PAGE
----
Infantile spasms occurs in up to 10% of children with Down syndrome (42). A mouse model of Down syndrome, Ts65Dn, has been used to study many aspects of this genetic disorder, including cognitive and behavioral impairment, abnormal synaptic plasticity, cortical malformation, and dendrite dysgenesis (43,44). At baseline, Ts65Dn mice, which overexpress GABAB receptors, exhibit spontaneous spike-wave discharges on EEG, but no seizures have been reported (45,46). The spike-wave discharges are similar to those induced in normal rats exposed to GABAB receptor agonists (47). Based on the report that a type of potassium current, mediated by the G-protein-coupled inwardly rectifying potassium channel subunit 2 (GIRK2), is increased by GABAB receptor agonists (48), it was hypothesized that GABAB receptor agonists might lead to increased susceptibility to epileptic spasms in Ts65Dn mice (46). Indeed, administration of baclofen or γ-butyrolactone (GBL; the prodrug of the GABAB agonist γ-hydroxybutyrate) caused Ts65Dn mice (1 week to 2 months old) to develop clusters of extensor spasms accompanied by polyspike-wave bursts and electrodecremental responses on EEG (resembling ictal EEG changes in humans). GBL, when injected into wild-type mice, caused spike-wave discharges and absence seizures (47). Importantly, spasms in this model decreased with medications commonly used for treatment of infantile spasms, such as ACTH, valproic acid, and vigabatrin (46,49). The model suggests that GABAB receptors may be involved in the pathogenesis of infantile spasms, at least those associated with Down syndrome, and implicates the involvement of the thalamocortical system.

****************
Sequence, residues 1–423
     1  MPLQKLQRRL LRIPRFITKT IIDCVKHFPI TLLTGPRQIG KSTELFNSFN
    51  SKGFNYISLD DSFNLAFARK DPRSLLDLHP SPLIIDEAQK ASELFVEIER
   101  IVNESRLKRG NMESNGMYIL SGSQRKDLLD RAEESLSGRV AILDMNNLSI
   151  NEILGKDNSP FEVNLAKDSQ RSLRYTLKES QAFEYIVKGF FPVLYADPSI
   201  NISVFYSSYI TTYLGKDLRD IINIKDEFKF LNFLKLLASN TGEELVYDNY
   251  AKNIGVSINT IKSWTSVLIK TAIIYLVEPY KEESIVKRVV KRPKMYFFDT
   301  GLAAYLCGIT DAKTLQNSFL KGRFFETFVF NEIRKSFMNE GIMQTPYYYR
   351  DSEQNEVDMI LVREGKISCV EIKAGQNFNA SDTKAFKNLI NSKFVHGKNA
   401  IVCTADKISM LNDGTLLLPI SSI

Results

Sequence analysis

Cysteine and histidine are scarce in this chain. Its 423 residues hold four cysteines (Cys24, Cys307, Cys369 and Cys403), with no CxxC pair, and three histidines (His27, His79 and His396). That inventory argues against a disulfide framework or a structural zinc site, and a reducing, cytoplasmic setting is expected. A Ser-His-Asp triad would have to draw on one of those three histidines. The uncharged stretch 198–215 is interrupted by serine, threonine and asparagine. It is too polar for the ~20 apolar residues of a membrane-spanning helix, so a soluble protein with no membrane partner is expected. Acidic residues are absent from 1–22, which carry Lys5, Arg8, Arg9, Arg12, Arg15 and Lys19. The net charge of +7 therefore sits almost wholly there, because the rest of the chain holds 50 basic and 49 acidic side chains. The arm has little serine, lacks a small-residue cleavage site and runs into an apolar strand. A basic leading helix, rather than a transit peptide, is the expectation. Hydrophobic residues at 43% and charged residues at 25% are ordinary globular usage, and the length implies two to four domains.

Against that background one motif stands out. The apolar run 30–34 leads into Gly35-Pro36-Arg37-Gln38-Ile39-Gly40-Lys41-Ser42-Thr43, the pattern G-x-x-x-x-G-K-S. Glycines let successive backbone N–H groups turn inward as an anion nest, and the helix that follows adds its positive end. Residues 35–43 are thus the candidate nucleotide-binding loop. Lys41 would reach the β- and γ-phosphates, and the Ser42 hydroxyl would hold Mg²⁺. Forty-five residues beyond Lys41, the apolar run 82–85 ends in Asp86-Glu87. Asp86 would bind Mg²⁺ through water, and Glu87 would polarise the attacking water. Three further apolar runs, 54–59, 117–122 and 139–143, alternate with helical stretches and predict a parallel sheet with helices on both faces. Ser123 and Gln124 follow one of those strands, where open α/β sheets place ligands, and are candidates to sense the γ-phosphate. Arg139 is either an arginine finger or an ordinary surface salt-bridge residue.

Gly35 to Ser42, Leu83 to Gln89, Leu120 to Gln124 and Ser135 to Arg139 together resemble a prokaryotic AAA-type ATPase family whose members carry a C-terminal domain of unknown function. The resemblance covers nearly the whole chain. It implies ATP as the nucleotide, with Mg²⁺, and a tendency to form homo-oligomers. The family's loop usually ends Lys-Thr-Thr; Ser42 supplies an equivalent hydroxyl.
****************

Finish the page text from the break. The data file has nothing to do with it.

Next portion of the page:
The major limitation of the Ts65DN model is the requirement for the induction of spasms by a GABAB receptor agonist; that is, seizures do not occur spontaneously or chronically. The mechanism by which GABAB receptor alteration causes spasms needs to be elucidated, both in terms of potassium channel involvement and in terms of other potential mechanisms. It is curious that activating the same receptor in wild-type mice causes absence seizures with GBL and, in Ts65Dn mice, causes spasm-like seizures. The age effect must be studied further; a variation in spasms with age would be expected. Studies of cognition and physiology using this model have not yet been reported.


The recent proliferation of infantile spasms animal models (summarized in Table 1) is a most welcome trend! Until recently, a dearth of interest in this important area of pediatric epilepsy has kept infantile spasms and other catastrophic epilepsies in the Dark Ages. Now, the task is to evaluate, carefully and critically, these new models (and, hopefully, others to come) for the specific insights each can offer into an understanding of the disorder and then translate experimental findings into clinically useful therapies. As discussed, an ideal model that recapitulates every aspect of human infantile spasms is not expected. Rather, each model will provide a piece of the puzzle to decipher these complex, multifactorial, devastating epilepsies.


I would like to thank the investigators involved in the creation of new infantile spasms models for their vision and seminal contributions. In particular, I am indebted to the following individuals for discussions, reviewing portions of the manuscript, and in some cases, sharing unpublished results: Drs. Tallie Z. Baram, Libor Velisek, Chong Lee, Aristea Galanopoulou, Eric Marsh, Amy Brooks-Kayal, Miguel Cortez, and O. Carter Snead III.